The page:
I think* I bought all the stuff I need to fix it, I just don’t know how.

Sorry I wasn’t more specific the first time, but I’m confused about how to fill in the missing wood with the wood filler compound without filling in the hole/s for the knob & latch.

Is there a right way to block those holes off? Or will I have to drill them back in?

*this based on some YouTube videos I watched. I have all the tools, sanders, etc. I’ve always been able to figure out how to fix things myself but I’m nervous about this one.

I cannot afford to not do it on my own (I live in a city where you can’t even buy a “cheap” bar of soap for less than $4, and you have to wait for someone to come unlock the shelf case just to buy it)

I’ve been renting this apartment for over 10 years, the building is over 100 years old and that bedroom door is original. I don’t think I can get away with replacing the whole door.

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  • 5
    How do you know you bought all the stuff needed to fix it without knowing how you were going to fix it? Aug 16, 2023 at 2:45
  • 2
    That door needs extensive work, this is not a simple DIY fix. You should consider getting a new door.
    – matt.
    Aug 16, 2023 at 2:46
  • Judging by the state of the door, it looks to me as though it's not the 1st time this has happened ... If you still have all the pieces you could bodge it back together with wood glue & clamps (and fit a new latch), but it'll take some amount of skill to make it look decent again (and it'll never be as strong as it was 50 years ago).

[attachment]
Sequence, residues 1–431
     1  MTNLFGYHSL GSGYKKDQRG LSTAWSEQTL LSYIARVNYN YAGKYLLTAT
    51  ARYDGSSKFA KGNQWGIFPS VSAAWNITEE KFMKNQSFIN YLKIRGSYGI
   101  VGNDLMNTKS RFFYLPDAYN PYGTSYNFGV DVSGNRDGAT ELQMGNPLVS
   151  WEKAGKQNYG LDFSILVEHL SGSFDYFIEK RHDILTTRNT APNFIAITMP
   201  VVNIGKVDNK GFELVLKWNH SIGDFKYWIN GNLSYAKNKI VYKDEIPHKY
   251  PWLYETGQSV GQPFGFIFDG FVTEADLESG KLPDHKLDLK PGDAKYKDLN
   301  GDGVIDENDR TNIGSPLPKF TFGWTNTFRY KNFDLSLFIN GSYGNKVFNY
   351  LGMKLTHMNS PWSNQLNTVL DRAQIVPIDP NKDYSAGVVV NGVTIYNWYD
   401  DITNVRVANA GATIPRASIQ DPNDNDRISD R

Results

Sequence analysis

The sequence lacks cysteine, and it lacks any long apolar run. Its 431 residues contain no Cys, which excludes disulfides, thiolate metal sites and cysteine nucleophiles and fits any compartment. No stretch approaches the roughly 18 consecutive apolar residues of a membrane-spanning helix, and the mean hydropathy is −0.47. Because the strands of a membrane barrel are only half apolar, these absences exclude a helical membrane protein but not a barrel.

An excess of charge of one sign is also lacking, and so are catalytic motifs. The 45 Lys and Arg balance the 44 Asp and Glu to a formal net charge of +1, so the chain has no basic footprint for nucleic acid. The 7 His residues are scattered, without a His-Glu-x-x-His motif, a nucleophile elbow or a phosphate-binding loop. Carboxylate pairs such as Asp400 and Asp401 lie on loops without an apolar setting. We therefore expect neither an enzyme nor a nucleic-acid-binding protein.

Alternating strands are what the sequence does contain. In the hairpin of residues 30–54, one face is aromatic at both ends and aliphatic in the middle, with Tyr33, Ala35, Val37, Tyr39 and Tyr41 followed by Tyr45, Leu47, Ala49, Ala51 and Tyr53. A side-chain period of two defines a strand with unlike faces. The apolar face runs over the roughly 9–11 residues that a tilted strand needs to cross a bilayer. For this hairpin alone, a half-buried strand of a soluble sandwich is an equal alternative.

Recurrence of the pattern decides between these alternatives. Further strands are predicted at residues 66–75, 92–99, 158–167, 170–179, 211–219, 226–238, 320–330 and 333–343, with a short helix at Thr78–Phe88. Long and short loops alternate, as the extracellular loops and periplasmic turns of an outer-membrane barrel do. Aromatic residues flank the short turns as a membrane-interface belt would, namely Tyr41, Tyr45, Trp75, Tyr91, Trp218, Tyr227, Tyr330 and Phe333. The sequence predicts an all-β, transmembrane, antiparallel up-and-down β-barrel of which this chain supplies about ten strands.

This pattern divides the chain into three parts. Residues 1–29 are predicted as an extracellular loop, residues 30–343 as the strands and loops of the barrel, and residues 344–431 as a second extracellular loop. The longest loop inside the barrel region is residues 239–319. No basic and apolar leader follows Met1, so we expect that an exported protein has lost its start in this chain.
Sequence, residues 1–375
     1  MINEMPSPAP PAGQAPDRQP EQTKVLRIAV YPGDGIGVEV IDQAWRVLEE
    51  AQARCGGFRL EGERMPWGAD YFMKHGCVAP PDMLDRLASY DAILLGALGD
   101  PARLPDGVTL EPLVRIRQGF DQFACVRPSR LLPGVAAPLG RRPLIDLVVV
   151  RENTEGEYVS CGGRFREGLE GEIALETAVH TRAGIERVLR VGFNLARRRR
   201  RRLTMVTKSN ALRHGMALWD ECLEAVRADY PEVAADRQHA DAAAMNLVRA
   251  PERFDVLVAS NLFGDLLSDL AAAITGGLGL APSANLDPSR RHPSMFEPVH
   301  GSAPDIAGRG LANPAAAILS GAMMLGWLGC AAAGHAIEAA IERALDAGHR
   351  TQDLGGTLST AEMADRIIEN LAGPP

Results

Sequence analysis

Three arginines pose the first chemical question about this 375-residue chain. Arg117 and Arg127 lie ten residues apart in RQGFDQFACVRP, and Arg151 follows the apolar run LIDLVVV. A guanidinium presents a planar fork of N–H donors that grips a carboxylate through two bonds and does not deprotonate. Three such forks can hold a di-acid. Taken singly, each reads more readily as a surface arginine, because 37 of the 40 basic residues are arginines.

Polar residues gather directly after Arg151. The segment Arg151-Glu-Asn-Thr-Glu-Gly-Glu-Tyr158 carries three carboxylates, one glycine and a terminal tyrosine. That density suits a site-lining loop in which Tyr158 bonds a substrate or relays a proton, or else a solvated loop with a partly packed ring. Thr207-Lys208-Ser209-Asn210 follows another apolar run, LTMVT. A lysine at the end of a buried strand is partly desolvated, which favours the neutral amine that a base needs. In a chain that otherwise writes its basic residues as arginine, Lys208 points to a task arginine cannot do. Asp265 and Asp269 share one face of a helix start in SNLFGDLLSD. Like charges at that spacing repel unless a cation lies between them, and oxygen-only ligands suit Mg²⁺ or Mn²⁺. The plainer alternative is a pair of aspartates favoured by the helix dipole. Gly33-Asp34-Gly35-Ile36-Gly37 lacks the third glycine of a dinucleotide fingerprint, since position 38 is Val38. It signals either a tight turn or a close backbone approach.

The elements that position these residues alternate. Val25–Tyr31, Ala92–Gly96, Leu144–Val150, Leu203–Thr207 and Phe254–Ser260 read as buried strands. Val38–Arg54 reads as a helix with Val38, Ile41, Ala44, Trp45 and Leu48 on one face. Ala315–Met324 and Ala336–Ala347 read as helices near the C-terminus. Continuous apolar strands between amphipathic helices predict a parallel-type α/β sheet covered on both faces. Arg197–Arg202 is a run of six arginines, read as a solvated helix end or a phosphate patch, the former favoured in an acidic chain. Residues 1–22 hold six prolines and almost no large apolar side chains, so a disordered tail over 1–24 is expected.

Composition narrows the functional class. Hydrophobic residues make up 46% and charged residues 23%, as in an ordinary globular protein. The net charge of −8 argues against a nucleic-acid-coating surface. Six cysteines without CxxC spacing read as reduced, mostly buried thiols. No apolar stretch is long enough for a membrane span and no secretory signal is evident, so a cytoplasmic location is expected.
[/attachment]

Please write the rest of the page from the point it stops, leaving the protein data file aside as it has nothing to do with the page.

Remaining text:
– brhans
    Aug 16, 2023 at 12:00
  • Unfortunately, I'm having issues with imgur and can't see your pics, but if you edit your question to focus on "how do I fix this <particular> portion of my door", your question will likely be reopened and you'll get an answer. Then you can ask another question about fixing the next part. As it stands, this is far too broad and would take a book on woodworking to address the issue.
    – FreeMan
    Aug 16, 2023 at 13:01
  • A 'c' battery in the strike hole? Or something. If you end up filling the knob hole then you just suck at doing bondo. Having to re-drill would prob crack the bondo. DO NOT overfill. And don't make it so you have to sand a bunch back off. Sanding off an 1/8" of bondo really sucks because it's a lot harder than the door and you'll just start eating into the wood around it while trying to sand. - Anything you do would be better than what it is. As long as what you bought was a trowel and a can of bondo, then thumbs up. - VTC should just be because it's bondo time ;)
    – Mazura
    Aug 18, 2023 at 4:06

1 Answer 1


You can use wood filler or even better, Bondo, but beware that this will be a difficult job. To avoid filling the holes, you can use something, to block the filler, for example, a toilet paper cardboard center, etc.. The problem with filling this is that this is a stress area for the door (that's how it broke in the first place, no?), so the filler might come off after a few days.

If I were fixing this in my own home, I'd cut out that area from the door, then use a piece of hardwood to replace the area cut off, then use Bondo to fill the seams. Then sand and paint. Then maybe add a metal plate, drilled to the solid parts of the door. How much DIY this solution is will depend on your skills.

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